My best advice: Find a company that you love, you use, and you would be happy to sponsor them on your show. Reach out and pitch to them the value you provide, the type of audience you attract, and the level of loyalty and trust you have with this audience.
It doesn't matter so much how many episode downloads you have if you have a highly engaged audience that will buy anything you advertise on the show. Because… let's be real, your audience trusts you and they want to buy and use what you're using.
3. Affiliate Relationships
There are two types of affiliate relationships you can enter when looking to monetize your podcast.
One is affiliate sponsorships. Meaning, you promote the affiliate as if they were a sponsor of the podcast, just like above, but instead of the company paying you outright for a sound-bit on your show, they pay you based on how many people you get to purchase the product or service.
This is tracked through something called an “affiliate link.”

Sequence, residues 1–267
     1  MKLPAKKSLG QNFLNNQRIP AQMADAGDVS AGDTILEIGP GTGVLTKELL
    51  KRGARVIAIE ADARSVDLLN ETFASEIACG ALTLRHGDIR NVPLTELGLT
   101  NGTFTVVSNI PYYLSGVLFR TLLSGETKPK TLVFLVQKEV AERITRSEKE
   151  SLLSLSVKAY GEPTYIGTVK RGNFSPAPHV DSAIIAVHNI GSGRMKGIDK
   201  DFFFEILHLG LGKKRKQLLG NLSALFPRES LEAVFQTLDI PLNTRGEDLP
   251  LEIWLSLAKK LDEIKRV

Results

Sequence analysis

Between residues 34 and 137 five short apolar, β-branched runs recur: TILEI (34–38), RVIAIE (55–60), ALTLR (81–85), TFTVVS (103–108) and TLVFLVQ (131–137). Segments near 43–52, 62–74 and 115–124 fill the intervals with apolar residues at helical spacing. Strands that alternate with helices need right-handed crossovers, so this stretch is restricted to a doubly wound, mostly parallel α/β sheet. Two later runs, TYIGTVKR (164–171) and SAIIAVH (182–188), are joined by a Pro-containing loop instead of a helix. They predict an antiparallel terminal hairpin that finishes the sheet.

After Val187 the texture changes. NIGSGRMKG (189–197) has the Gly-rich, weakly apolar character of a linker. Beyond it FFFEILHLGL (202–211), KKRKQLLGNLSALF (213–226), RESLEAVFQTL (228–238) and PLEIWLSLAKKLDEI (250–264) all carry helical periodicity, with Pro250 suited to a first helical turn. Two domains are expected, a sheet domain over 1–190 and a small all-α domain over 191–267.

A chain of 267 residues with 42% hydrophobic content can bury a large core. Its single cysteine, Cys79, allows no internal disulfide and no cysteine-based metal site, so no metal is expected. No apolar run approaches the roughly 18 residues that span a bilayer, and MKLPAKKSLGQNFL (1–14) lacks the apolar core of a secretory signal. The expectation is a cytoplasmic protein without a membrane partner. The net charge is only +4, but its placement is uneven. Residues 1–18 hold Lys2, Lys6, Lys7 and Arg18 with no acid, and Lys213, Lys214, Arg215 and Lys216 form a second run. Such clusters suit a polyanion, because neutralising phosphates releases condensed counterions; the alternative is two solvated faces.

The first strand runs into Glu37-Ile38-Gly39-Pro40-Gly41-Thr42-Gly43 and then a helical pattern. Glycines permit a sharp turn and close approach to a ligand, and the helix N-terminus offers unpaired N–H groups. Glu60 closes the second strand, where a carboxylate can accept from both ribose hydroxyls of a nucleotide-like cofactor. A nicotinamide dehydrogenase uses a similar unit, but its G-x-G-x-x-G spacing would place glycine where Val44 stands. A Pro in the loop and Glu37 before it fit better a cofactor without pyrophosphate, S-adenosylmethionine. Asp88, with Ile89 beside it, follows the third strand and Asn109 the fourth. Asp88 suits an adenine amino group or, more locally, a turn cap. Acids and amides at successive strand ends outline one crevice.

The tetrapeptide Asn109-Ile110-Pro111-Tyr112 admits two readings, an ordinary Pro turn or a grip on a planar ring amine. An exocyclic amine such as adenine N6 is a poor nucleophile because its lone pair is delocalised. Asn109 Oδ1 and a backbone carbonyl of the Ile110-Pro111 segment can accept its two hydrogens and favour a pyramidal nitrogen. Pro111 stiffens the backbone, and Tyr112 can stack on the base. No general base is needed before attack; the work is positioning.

Example: Say you want Audible to “sponsor” your show. You can become an audible affiliate and get a personalized link, then you will announce Audible and all its glory (side note: I really do love Audible) on your show and provide the audience with the personalized link. For every one of your audience members that sign up for Audible using your link, you will receive a payout from Audible. (I think it's between $10-30 for each referral, but I really have no idea.)
The second type of affiliate relationship is actually developing a relationship with the guests that you bring on your show (if that's the kind of boat you're running). If the guest has a product or service they sell online, they can offer you with an affiliate link where you will make a percentage of the sale of their product or service if it's coming from your audience.
This might sound odd at first. Why would someone want to give you a cut? Well, if they weren't on your show reaching your audience, then they wouldn't have their cut of the money either. This is a win-win for everyone.
Example of people who do this: The Tim Ferriss Show by Tim Ferriss (I can't be sure if this is a sponsorship or affiliate sponsorship, but pretty sure with the links Tim gives, it's affiliates. Which, with his following he can probably make much more money using the affiliate method instead of the one-time per show sponsorship method since affiliate sponsors are evergreen, meaning: they continue to produce income even after the show has aired.)